[JURIST] Members of the Homeland Security Appropriations Conference Committee [list, PDF] reached an agreement [text, PDF] Wednesday that would allow Guantanamo Bay [JURIST news archive] detainees to be transferred to the US for trial. The compromise would allocate $42.78 billion for the Homeland Security appropriations bill [HR 2892 materials] and would stipulate that current detainees may be transferred to the US for prosecution after information is disclosed to Congress. Officials would have to submit a plan to Congress that details risks, costs, and legal rationale and verifies the attorney general's certification for each detainee to be transferred. In order to close the facility, the agreement would require the president to submit a report to Congress detailing the disposition of each current detainee. Ranking committee minority member Hal Rogers (R-KY) [official website] called the agreement "a fairly reasonable compromise" but expressed his concerns [statement text] about transferring the detainees to US soil. Committee Chairman David Price (D-NC) [official website] said that the agreement was substantial progress [press release] toward strengthening Homeland Security. The appropriations bill still needs final approval from Congress before being presented to the president.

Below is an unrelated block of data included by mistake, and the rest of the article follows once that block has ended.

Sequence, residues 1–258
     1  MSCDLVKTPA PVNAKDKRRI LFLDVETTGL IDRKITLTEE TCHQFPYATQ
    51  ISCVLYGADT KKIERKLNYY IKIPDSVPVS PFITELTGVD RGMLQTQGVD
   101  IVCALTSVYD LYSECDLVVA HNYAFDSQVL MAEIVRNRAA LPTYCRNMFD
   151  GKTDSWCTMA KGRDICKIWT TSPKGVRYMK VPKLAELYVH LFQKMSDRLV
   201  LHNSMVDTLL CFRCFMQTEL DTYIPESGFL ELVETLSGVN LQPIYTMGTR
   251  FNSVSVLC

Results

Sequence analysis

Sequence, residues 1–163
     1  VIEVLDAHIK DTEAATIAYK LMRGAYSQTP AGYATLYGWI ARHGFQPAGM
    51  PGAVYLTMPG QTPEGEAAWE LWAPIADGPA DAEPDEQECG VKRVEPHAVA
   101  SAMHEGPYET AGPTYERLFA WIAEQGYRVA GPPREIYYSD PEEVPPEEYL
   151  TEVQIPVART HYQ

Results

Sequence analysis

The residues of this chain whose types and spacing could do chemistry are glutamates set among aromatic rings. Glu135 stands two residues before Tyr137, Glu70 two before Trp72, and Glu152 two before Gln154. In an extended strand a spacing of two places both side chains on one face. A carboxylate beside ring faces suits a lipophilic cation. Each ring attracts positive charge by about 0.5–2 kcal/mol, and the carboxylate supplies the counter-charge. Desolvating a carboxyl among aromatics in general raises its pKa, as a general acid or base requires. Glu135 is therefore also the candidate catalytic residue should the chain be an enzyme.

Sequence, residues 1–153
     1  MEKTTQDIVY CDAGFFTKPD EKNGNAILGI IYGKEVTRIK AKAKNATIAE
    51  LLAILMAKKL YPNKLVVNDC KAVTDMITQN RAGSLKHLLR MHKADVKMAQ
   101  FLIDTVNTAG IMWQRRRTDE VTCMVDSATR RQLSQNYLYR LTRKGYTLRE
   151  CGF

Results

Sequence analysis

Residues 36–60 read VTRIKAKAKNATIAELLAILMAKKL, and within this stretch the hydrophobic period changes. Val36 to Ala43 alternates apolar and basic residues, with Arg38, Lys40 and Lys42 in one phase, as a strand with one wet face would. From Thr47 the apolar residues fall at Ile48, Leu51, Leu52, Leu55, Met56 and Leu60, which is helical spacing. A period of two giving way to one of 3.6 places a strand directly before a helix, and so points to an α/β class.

Earlier this week, US Attorney General Eric Holder [official profile] told reporters that the Obama administration may miss its January deadline for closing the military prison at Guantanamo Bay, echoing prior statements [JURIST reports] by top administration officials. Last week, the House passed a non-binding motion [JURIST report] to instruct the conferees to prohibit the transfer of detainees to the US for prosecution or incarceration. The motion, introduced by Rogers, instructed House committee members to insist on such prohibitions during negotiations. In June, the House approved a spending bill [JURIST report] that denied the administration $60 million requested to close the prison. The Senate amended a supplemental appropriations bill [JURIST report] in May to delay a similar $80 request until a detailed plan was made available.